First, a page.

In a controversial move, Knesset member Moti Yogev from the right-wing Jewish Home party on Wednesday proposed a bill that would ban mosques in Israel from broadcasting public calls to prayer over loudspeakers.
Yogev argued the five daily public prayer calls are disruptive and negatively affect the quality of life of non-Muslim residents living near Muslim neighborhoods, villages and cities in Israel.
“Hundreds of thousands of Israelis in the Galilee, Negev, Jerusalem, Tel, Aviv, Jaffa and central Israel routinely suffer from the calls of the muezzin,” the bill states according to the religious news website Kipa.
“The noise made by these public calls disturbs the rest of the citizens several times a day, including in the early mornings and at nighttime,” it said.
Some 20 percent of Israel’s population are Arab, most of them Muslim, making the calls to prayer a familiar sound in many parts of the country.
Likud MKs Miki Zohar and Nurit Koren, Jewish Home MKs Bezalel Smotrich and Shuli Muallem-Refaeli, and Kulanu MK Merav Ben-Ari have all endorsed the legislation.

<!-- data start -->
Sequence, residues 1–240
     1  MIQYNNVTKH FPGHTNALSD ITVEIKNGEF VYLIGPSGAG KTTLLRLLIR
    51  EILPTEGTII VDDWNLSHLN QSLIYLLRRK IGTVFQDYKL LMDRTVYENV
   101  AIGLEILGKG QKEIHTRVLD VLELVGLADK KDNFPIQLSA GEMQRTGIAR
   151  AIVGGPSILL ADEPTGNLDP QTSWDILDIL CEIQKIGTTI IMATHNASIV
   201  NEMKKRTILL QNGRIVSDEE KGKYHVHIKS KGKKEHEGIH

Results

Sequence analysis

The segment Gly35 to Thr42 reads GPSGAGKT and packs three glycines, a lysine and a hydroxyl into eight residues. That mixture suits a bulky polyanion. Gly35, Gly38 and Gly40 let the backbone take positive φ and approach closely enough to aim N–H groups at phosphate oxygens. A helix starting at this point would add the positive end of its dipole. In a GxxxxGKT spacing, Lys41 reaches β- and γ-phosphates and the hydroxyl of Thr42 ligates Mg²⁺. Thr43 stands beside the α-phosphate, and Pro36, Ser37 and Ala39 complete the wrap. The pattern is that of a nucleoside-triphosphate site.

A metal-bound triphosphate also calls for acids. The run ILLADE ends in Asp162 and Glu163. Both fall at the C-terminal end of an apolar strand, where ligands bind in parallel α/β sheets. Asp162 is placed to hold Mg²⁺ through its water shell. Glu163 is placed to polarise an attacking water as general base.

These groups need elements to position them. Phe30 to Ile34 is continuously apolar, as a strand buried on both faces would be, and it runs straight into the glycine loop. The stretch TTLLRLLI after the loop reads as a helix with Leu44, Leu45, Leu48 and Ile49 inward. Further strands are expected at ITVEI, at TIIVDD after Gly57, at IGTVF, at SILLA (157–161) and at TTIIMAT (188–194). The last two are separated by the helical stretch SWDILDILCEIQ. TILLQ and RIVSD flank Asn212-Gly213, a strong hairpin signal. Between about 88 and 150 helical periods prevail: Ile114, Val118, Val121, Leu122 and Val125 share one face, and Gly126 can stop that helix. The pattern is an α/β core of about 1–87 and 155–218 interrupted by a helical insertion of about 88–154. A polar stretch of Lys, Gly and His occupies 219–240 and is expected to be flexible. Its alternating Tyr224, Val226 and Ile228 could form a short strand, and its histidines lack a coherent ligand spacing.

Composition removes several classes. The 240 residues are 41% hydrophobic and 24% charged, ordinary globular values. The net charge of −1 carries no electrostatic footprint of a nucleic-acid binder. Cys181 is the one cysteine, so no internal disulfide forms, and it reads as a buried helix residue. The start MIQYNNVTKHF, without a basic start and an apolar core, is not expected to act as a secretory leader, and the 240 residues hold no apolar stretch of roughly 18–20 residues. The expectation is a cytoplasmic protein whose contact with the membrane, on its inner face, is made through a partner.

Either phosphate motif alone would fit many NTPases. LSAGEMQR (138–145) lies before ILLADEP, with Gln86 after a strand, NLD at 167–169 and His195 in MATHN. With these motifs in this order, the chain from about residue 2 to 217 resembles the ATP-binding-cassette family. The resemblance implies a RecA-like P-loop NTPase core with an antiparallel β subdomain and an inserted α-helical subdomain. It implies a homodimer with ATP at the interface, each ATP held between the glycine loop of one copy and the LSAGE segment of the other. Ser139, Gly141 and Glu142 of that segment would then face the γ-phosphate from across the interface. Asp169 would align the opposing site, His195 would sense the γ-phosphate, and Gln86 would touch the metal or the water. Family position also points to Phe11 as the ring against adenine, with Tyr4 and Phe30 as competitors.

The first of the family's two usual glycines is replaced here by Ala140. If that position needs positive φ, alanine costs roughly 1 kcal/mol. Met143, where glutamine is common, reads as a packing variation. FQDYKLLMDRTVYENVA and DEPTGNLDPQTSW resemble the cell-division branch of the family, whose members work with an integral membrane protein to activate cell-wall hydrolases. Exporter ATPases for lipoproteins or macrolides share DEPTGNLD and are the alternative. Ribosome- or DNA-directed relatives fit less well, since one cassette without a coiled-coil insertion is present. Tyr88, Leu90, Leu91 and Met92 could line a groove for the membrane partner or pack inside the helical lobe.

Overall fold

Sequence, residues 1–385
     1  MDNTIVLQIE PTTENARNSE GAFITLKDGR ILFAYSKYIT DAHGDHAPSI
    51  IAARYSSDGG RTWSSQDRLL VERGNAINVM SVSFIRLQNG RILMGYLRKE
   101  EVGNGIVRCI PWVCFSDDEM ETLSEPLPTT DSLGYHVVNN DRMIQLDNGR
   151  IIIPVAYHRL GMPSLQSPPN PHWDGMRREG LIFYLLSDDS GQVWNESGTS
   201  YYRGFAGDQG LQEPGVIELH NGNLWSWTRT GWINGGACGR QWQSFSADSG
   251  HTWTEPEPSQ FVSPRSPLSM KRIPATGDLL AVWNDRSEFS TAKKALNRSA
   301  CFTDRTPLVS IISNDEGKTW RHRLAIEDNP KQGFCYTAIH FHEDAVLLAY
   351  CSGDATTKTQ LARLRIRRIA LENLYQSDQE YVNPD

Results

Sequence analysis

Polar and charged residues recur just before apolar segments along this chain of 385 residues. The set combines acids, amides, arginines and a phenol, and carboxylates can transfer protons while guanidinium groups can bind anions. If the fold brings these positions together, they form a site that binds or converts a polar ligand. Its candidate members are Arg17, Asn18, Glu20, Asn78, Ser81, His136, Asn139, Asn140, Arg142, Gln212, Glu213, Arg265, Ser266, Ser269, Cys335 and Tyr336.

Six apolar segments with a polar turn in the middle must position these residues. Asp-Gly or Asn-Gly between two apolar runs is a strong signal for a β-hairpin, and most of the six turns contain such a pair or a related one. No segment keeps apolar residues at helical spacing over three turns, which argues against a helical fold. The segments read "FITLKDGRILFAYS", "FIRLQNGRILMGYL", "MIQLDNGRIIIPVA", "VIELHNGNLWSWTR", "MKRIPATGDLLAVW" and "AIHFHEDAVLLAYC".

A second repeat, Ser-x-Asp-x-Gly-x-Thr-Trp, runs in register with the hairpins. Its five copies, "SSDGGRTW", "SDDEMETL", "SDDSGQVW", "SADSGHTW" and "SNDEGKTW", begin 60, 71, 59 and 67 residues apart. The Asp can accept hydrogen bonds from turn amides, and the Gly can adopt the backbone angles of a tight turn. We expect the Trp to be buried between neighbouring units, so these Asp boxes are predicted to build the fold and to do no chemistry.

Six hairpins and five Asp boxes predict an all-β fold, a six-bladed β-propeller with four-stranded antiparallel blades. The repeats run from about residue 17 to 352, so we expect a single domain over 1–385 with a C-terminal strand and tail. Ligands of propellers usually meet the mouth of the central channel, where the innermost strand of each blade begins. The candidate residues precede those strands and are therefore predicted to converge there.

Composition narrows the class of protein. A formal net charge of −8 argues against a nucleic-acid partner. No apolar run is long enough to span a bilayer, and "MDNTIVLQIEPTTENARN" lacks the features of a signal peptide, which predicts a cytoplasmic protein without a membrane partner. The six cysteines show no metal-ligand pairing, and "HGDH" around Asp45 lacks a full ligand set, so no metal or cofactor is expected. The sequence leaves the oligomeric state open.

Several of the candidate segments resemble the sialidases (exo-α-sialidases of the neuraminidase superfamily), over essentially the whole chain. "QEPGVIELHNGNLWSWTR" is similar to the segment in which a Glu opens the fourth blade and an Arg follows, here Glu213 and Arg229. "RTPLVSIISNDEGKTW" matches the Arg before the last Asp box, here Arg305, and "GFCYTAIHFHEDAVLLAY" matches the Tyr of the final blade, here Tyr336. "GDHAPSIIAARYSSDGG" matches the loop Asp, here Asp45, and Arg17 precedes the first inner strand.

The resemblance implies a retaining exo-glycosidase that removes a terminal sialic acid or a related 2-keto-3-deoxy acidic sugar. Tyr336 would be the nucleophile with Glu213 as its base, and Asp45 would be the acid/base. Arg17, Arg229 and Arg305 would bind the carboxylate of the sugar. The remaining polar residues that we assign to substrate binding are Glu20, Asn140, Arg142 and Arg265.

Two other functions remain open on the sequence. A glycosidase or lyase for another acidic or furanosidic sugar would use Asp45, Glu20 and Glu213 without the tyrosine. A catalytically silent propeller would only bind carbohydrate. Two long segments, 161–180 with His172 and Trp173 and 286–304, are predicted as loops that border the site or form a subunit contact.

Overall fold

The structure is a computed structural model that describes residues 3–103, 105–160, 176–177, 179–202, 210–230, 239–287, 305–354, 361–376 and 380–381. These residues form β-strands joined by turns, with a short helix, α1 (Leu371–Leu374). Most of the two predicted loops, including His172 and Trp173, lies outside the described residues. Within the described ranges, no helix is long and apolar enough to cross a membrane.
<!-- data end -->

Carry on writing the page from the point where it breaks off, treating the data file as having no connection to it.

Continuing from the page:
The bill is unlikely to gain the support of the coalition and pass the Knesset. Similar bills have been proposed in the past but have never garnered enough backing.
“The bill takes the approach that religious freedom should not harm the quality of life, and proposes a ban on using public address systems to call worshipers to prayer, or to convey religious or national messages, which includes incitement,” Yogev said of his initiative on Wednesday, according to Kipa.
Yogev, a second-term lawmaker with the right-wing religious nationalist Jewish Home party, is no stranger to controversial proposals. Earlier this month, Yogev was slammed by Israeli lawmakers after he proposed incarcerating family members of Palestinian terrorists in internment camps and feeding them rations of just bread and water as a means of deterring future attackers.